Ok, so when I said yesterday that that was the last of the mannikins, I only meant from that section of the book (although looking ahead a little, I may have a few more to do). I tried doing some of my own last night, with mixed results!
I went to Posemaniacs.com & worked from those (fleshless) models. I also tried to pick a few trickier positions – yesterday I mentioned I needed to work on foreshortening. But I don’t know if that’s the exact term I was looking for – I mean, I do definitely need to work on that.
But for example – the second drawing above, there’s one leg/foot forward, & then one leg further back – and that leg is partially obscured because of the angle we’re seeing it from (not straight on, but slightly from above) . That’s the kind of thing that I struggle with.
Here are some more:
The one on the left was kind of hard – the torso is turning one way, you’ve got one arm going back so you need to accurately portray that sort of illusion, & then on one of the legs, it’s bent at the knee so the calf is obscured, although you can see the foot hanging down – so, again, how do you accurately draw that so it just doesn’t look like an amputee with a foot dangling from his knee?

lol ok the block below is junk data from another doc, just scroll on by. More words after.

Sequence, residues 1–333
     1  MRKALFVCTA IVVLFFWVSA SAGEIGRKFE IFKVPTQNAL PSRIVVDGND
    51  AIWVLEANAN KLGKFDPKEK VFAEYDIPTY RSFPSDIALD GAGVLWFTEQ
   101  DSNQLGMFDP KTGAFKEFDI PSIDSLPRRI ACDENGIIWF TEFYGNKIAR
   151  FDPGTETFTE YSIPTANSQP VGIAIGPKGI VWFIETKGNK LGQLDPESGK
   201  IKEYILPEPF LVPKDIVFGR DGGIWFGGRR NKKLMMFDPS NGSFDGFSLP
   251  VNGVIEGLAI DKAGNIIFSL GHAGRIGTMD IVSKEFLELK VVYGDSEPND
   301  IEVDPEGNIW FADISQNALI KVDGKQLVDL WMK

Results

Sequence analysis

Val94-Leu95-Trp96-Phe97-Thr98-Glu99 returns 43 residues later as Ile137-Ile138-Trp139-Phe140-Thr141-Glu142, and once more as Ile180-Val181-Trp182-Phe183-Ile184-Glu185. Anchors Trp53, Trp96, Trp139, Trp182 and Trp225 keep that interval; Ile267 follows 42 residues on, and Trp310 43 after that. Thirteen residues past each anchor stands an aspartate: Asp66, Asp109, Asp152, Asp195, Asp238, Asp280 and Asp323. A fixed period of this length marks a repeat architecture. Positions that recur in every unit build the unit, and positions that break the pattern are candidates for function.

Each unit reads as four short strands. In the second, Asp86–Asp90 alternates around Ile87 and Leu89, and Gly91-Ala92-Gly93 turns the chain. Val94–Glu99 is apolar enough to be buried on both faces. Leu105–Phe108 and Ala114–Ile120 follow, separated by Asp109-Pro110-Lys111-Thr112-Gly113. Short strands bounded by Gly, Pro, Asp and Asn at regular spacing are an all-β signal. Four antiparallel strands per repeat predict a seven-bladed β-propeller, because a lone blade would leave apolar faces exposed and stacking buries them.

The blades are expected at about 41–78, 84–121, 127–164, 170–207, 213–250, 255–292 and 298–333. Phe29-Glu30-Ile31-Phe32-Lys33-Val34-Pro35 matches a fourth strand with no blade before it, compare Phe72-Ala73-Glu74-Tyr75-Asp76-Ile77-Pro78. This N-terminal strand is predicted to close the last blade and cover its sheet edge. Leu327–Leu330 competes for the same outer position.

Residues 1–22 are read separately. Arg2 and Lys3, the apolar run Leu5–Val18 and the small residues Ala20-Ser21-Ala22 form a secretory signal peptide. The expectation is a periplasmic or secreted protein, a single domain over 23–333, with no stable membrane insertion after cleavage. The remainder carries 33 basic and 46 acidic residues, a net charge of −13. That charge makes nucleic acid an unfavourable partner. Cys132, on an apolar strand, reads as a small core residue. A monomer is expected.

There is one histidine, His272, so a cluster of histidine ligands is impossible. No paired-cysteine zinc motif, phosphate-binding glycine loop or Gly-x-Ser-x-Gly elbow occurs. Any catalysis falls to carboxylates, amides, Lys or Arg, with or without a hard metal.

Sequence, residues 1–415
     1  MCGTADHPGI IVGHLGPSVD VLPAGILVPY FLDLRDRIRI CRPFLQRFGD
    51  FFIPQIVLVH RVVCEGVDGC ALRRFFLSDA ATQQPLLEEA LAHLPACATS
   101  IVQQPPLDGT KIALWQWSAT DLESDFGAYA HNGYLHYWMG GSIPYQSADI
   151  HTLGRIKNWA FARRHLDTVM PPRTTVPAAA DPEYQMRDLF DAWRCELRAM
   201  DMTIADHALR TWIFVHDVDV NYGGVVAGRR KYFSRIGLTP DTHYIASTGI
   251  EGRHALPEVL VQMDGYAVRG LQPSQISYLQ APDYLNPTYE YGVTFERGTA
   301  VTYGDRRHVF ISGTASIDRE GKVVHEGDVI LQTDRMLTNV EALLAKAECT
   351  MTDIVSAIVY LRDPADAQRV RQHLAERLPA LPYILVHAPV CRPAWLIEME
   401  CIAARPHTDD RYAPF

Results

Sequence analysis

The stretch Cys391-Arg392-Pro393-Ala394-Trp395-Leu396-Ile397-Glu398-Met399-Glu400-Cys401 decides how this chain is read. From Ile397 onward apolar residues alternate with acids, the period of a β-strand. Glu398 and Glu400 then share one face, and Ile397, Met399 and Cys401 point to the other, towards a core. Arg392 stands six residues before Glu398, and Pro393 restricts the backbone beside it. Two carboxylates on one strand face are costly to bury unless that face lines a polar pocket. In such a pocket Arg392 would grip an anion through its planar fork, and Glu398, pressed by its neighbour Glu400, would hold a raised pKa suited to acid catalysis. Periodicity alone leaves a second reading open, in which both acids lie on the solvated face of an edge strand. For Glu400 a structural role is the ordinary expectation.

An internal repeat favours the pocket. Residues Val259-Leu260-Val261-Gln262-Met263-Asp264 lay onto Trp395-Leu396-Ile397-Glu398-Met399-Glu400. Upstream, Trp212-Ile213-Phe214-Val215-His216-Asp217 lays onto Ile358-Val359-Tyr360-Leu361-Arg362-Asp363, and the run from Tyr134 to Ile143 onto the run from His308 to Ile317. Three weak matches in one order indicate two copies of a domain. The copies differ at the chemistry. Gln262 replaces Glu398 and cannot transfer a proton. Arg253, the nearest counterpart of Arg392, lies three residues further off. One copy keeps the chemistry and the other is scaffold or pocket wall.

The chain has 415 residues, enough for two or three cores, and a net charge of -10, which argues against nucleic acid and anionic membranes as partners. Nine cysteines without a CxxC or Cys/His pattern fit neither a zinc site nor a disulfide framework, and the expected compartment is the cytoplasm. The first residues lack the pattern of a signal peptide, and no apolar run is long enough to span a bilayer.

These took me probably at least twice the time that it took me to draw the mannikins from the book, which is understandable, I suppose. And honestly, I’m not too disappointed with these! I definitely see some faults & things I need to work on, but I think these are better than what I could have done a month or two ago. I really want to keep practicing these & other ways to simplify the human body in the hopes that it’ll help me improve with figure drawing in the long run.
So I’ll probably be doing more of these for now (& maybe attempt some gesture drawings while I’m at it), while also trying to focus on some other areas that I’ve been neglecting. I have an ongoing list of things I need to draw/practice, ha ha.